British national Derek Baston was cleared of a debauchery charge on April 8 at a
controversial trial in which he appeared as the sole witness.
The 70-year-old was arrested in July 2002 after police raided a Svay Pak guesthouse
where they found him with a naked girl. The prosecution said she was 12-years-old,
but Baston's lawyer said the girl was in fact 15.
Baston, who had worked for three years as an English teacher in Phnom Penh, had earlier
claimed he was in the notorious brothel district to find his cleaner. He later said
he was visiting a 26-year-old woman called 'Faye', but denied any involvement with
the alleged victim.
"I'm completely and utterly innocent," he told reporters prior to the trial.
"My worst fear is that the truth does not come out."
The prosecution's evidence centered on police photographs of Baston and the girl
which were taken at the time of the arrest. However a statement from the girl's grandmother,
who made the initial complaint, proved definitive. The court heard she denied knowingly
making a complaint. Baston claimed she had also written a letter of apology to him.
"She took pity on this British man and she asked the court to pardon him,"
said Baston's lawyer, Dy Borima.
Baston looked drained and exhausted during the hour-long trial as he stooped over
the witness box. His arms were covered in a red rash, an ailment his lawyer said
was the result of eight months incarceration.
He pleaded not guilty to the charge of debauchery, and said the incident was a set-up.
He claimed the girl entered his room when he was waiting to see Faye, and four minutes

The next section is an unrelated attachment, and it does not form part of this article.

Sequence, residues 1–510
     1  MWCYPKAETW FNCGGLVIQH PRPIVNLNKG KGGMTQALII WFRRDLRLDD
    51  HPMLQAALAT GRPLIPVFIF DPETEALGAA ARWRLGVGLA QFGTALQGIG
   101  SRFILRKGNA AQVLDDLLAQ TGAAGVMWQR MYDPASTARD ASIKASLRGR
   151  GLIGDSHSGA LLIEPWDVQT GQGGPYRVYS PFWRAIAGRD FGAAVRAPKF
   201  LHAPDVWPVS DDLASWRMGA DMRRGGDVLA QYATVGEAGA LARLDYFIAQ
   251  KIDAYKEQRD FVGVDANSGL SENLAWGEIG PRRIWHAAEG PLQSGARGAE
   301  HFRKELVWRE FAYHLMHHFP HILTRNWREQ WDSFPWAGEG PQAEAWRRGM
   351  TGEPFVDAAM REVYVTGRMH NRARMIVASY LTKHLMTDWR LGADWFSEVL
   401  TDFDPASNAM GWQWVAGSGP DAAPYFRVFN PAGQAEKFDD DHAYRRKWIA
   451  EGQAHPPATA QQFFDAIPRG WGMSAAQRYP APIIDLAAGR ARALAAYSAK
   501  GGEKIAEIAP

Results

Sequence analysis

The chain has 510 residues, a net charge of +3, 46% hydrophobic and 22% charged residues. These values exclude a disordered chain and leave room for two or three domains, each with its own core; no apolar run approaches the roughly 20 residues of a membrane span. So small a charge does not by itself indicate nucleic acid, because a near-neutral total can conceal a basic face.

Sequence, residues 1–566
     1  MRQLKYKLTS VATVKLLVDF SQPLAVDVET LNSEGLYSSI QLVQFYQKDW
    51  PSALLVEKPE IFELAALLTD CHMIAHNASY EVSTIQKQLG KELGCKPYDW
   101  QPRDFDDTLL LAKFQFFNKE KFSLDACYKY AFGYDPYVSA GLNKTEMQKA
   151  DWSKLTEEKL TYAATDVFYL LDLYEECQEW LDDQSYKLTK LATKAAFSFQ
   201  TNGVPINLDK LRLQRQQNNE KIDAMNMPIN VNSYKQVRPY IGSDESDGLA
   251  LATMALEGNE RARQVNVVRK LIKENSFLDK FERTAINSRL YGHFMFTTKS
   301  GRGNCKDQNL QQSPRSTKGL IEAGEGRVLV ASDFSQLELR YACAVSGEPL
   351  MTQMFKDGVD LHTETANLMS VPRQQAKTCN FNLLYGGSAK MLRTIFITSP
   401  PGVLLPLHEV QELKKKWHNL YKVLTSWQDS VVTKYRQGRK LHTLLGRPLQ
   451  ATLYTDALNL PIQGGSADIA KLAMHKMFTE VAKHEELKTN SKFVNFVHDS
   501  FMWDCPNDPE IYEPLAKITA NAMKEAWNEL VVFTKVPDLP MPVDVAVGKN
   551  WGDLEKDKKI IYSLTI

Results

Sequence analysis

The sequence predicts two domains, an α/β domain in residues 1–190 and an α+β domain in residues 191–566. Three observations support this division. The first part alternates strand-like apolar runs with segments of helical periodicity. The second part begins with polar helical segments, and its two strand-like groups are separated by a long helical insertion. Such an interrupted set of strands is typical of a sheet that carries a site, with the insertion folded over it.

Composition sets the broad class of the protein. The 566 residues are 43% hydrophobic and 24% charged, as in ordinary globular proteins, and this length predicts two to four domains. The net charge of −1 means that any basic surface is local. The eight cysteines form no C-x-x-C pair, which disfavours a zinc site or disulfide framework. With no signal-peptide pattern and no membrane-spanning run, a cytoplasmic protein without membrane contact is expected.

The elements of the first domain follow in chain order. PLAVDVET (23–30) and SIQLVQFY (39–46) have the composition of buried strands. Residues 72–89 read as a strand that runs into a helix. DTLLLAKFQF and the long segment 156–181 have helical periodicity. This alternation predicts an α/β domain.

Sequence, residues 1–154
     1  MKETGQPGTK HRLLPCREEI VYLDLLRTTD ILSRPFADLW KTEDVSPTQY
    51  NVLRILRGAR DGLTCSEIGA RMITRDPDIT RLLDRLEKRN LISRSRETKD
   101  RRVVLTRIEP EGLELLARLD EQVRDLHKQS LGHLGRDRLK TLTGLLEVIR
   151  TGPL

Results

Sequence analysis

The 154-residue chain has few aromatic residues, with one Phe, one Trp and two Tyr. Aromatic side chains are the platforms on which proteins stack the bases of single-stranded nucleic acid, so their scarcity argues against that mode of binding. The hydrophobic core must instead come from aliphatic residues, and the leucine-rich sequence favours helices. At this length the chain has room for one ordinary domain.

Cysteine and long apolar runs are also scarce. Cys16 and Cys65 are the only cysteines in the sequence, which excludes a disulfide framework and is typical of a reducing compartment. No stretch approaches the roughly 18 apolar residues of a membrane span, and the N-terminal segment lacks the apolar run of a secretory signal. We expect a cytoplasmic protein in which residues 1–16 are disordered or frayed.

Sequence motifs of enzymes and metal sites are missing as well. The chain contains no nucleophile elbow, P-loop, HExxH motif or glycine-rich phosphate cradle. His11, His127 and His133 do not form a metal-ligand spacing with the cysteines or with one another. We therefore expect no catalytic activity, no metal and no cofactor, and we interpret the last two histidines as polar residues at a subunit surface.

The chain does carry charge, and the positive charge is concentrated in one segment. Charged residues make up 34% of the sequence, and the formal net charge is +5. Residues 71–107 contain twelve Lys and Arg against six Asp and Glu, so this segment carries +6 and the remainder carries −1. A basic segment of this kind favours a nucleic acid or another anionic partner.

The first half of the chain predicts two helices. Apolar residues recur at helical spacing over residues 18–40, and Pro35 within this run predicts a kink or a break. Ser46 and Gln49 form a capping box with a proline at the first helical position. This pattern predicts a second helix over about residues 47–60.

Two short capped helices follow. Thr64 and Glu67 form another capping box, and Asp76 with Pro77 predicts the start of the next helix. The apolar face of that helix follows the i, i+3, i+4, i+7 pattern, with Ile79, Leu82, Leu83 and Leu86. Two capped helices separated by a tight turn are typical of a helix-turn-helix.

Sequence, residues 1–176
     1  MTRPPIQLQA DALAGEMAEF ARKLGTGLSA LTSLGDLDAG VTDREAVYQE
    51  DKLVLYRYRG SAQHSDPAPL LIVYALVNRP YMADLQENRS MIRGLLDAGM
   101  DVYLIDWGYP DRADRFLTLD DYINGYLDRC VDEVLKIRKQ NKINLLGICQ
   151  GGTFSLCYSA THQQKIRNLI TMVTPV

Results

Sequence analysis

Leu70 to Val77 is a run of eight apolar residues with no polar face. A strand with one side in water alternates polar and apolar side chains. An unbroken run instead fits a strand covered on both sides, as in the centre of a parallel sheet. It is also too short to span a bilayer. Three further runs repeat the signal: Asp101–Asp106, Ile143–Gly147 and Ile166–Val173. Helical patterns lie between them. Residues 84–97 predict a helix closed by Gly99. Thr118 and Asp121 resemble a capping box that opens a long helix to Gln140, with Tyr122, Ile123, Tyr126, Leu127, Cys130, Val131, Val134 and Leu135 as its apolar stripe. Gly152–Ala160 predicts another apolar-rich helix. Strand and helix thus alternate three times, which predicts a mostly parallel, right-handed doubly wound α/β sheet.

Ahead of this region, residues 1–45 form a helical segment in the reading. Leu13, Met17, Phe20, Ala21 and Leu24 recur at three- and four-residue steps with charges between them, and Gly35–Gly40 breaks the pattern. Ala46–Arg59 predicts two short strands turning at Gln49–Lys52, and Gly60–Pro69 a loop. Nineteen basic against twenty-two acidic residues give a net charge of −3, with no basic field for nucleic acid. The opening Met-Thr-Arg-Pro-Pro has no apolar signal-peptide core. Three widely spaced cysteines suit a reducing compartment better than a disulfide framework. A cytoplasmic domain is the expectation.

later the police broke in.
"A girl walked in and she walked along to the shower," he said. "There
was banging all around the place [then] the police came in. The next thing I see
the police are helping the girl take her clothes off ... they lifted her off the
ground and put her next to me on the bed."
Baston alleged the police then took the photographs that were used as evidence. The
prosecution countered that the four minutes Baston claimed to have been in the room
was not enough time for a set-up to take place.
None of the key witnesses was present in court, and nor were the girl's lawyer, her
grandmother, or the arresting police officers. Heng Poe, the municipal deputy police
commissioner, said he was dismayed the court did not invite the victim or the police
to the trial, but refused to comment on Baston's allegations that he had been framed.
After the defendant's testimony and closing statements from the lawyers, the judge
dropped all charges citing insufficient evidence. Baston said he was relieved by
the verdict, and would remain in the country.
Minister for Women's and Veterans' Affairs, Mu Sochua, an outspoken advocate for
tough sentences for pedophiles, said the girl deserved better protection.
"I am very disappointed," she said. "In this case the best would have
been to provide the victim and the family a lot more protection so there was no coercion
Sochua said the government needed to work harder to ensure that evidence gathered
was strong enough to secure convictions. That, she said, would deter other foreigners
coming to the country to procure sex with minors.
ï Convicted pedophile Clint Betterridge has been jailed in Australia while he awaits
the outcome of an extradition hearing on May 7. Betterridge was convicted of debauchery
in absentia on January 29 at a trial in Siem Reap. Fellow Australian Bart Lauwaert
received 20 years for a similar offense at that trial.
Betterridge fled the country days earlier after an embarrassing mix-up in Phnom Penh
when his embassy issued a passport to replace the one held by the Cambodian police.
On March 13, Canberra issued new regulations allowing the extradition to Cambodia
of any Australian citizens accused or convicted of child sex offenses here.